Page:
Three Dog Dogmas for Winning at Life

Recently, I attended the US Disc Dog National World Cup Competition in Cartersville, Georgia.  This is a fascinating organization that provides opportunities for all breeds of dogs to compete in a free style throw and catch and throw format.  Many countries were represented at the competition including Canada, Japan, China, & Czechoslovakia.  I was mesmerized by the energy and skill of these dogs.  I can only imagine the training and dedication that it takes on the part of the owners to develop the dogs into top notch competitors.

Roxy the RoxStar

Here’s the back story to my attendance at the event.  While attending an author event, I met an aspiring author, Trish Greenlee who wanted to publish a book about her dog, Roxy, a rescue dog that her husband  trained to compete in disc dog events.  Roxy the RoxStar is a rags to riches story of a dog no one wanted who became a winner and I met with Trish to advise her on how to publish her book. This competition was Roxy’s last performance as she will be retiring  and resting on her laurels which include the following:

  •  In 2009 she won 1st place in Division II Freestyle.
  • In 2010 she won 2nd place in the US Finals, and then 4th place in the World Finals.  She has qualified to compete in the World Finals event every year since 2009.  All of this is pretty incredible when you realize that she had a Titanium knee replacement in 2012.  Jac took her out of “Freestyle” competition at that time, and only competes with her in “Toss and Fetch” now.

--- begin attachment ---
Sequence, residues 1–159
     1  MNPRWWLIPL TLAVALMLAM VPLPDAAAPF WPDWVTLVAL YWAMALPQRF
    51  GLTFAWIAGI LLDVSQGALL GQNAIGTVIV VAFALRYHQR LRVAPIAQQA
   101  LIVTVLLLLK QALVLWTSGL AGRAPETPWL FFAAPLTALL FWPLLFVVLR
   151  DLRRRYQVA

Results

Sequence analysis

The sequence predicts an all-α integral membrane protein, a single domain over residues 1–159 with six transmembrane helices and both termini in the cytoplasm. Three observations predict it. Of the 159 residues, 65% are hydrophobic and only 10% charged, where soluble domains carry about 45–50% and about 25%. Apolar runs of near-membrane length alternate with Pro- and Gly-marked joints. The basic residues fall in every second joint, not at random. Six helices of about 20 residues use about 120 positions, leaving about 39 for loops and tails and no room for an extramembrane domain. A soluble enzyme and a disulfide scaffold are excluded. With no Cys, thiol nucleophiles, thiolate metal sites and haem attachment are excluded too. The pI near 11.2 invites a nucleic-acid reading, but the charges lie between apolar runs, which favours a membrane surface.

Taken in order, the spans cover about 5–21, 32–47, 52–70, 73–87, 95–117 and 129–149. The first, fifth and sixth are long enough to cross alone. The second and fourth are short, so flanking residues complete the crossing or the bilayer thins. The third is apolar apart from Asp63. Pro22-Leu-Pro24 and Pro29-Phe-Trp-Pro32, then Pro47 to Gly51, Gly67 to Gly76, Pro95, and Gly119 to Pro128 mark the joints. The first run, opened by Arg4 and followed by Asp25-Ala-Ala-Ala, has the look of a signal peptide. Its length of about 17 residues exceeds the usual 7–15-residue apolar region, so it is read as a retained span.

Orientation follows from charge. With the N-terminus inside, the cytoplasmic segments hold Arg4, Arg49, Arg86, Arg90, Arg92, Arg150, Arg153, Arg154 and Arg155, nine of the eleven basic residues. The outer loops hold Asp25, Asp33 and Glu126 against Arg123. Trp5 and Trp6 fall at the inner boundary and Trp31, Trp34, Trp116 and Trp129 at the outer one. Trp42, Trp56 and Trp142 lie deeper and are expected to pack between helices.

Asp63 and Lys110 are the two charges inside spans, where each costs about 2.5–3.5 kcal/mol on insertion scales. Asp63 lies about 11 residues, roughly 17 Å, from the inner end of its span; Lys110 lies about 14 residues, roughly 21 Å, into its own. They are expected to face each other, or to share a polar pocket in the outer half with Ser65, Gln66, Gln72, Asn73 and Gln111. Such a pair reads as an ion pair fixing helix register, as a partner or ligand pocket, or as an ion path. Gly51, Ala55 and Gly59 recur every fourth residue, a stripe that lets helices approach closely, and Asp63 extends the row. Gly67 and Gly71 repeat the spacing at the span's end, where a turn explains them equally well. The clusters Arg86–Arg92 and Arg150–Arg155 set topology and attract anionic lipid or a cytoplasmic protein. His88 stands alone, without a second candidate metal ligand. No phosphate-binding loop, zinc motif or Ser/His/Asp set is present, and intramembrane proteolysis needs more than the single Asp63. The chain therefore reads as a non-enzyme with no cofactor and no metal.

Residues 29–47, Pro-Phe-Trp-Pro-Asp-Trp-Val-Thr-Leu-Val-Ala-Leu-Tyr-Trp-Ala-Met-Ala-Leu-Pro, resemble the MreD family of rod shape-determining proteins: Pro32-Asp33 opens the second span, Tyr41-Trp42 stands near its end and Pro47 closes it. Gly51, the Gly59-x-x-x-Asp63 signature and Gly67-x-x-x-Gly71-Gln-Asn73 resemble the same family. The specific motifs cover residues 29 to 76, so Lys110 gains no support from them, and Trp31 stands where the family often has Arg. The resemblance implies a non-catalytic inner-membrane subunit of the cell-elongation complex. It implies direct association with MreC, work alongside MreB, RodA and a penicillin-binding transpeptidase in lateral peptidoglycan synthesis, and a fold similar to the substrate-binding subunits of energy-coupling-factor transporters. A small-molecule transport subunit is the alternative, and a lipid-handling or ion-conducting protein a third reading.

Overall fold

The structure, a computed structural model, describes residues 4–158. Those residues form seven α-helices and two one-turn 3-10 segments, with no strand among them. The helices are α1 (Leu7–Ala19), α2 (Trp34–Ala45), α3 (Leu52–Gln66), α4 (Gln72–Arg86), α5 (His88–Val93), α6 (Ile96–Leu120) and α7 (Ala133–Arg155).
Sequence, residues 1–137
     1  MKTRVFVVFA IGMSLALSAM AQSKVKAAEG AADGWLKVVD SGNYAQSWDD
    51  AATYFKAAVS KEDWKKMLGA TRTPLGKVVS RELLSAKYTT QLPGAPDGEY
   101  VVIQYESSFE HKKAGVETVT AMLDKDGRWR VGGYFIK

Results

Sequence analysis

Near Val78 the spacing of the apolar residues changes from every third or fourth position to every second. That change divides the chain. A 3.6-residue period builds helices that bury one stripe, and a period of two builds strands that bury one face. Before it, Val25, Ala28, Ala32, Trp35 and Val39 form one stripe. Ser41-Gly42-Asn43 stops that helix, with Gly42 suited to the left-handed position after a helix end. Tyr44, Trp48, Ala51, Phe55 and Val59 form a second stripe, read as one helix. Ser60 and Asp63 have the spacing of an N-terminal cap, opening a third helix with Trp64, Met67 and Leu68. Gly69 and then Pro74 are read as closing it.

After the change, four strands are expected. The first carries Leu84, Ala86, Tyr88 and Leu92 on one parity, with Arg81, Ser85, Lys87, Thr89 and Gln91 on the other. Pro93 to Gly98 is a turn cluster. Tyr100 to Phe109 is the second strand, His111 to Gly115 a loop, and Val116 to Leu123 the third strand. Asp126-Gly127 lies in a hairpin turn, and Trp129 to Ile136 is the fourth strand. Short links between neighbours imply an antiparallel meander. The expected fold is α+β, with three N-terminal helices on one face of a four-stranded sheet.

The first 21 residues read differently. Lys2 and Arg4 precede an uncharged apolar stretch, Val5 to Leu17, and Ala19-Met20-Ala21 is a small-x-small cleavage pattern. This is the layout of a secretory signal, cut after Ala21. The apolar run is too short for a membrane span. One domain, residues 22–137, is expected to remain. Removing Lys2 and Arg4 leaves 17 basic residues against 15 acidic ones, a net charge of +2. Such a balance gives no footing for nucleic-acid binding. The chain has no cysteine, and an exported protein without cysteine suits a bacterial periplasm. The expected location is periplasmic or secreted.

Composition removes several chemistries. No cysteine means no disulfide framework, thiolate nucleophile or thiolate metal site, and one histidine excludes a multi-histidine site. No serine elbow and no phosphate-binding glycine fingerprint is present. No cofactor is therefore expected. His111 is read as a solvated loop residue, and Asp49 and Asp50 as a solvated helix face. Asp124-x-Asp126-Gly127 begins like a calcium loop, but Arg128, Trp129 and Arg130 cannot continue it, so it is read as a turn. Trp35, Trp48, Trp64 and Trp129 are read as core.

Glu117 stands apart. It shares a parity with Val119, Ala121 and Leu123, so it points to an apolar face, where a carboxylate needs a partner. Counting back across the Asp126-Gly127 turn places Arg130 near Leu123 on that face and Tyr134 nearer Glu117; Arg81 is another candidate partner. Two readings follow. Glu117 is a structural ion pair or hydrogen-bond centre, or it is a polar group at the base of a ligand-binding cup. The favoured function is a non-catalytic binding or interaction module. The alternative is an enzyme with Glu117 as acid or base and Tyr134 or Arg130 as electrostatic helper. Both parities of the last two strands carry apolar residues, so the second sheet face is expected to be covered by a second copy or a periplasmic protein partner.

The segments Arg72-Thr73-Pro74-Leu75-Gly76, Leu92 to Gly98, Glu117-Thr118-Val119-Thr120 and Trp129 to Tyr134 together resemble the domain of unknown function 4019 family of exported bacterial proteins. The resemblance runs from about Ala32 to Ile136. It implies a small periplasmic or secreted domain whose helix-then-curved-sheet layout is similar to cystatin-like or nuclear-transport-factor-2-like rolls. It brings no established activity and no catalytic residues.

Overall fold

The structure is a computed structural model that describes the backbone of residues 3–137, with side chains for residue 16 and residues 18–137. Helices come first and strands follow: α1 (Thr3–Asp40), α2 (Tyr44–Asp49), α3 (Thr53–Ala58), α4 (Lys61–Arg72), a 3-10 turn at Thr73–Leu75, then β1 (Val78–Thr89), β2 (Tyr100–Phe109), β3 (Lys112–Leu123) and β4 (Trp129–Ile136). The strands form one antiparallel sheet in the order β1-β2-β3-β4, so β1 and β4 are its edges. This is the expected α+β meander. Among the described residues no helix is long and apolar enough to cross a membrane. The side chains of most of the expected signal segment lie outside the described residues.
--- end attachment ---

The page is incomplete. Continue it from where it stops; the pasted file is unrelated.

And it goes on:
• In this past weekend’s events, Roxy won 7th place out of a field of 80 dogs competing in the “Toss and Fetch” competition World Finals.


Three Must Do Dog Dogmas

It occurred to me as I watched these amazing talented dogs compete that  there are a number of lessons that we as humans could learn from them.  Here are Three Must Do Dog Dogmas to move into the World Cup Winning Circle in our own challenges.

  • Focus-The focus that each dog had for their trainer was the most obvious attribute.  They enter a field where there are hundreds of distractions all around:  other dogs, people talking and clapping, an announcer on a microphone, the smells of food, the wind blowing just to name a few, but the dog’s eyes remain glued to the trainer.  While they may pace and circle around in barely restrained excitement, their eyes are focused and ready for the first command.
    • What about you?  Are you focused on your goals?  Do you tune out the many distractions all around you?
  • Persist-The winning dogs persist throughout the whole routine no matter how many mistakes they make.  Certainly not every dog caught every disc thrown to them.  Some missed several in a row but not one laid down and gave up.  They gave every throw, every trick 100% of their effort and if they missed, there was not a moment’s hesitation before they took off in pursuit of the next throw.
    • What about you?  If you miss the mark, if you fail at a goal, do you collapse in a heap or do you gather up your energy and keeping moving forward?
  • Celebrate-The finish of each performance often ended with a leap of the dog into the trainer’s arms, hugs, kisses and a proud salute as they acknowledged the accolades of the audience.
    • What about you?  Are acknowledging your wins and accomplishments?  Are you taking the time to hear the cheers of the crowd?


Winning at Life

The dogs in the competition came in all shapes and sizes.  There were dogs that may have had an advantage due to their breeding.  There were dogs that were large and could leap high in the air.  There were dogs that had long legs and could run fast.  But there were also winning dogs, like Roxy who overcame obstacles and through focus and persistence accomplished more than could be expected.  It’s all up to you how you play the cards that you were dealt in life.  No matter your circumstances, you can achieve your dream.  Just look at what Roxy accomplished and be inspired.

Leave a Comment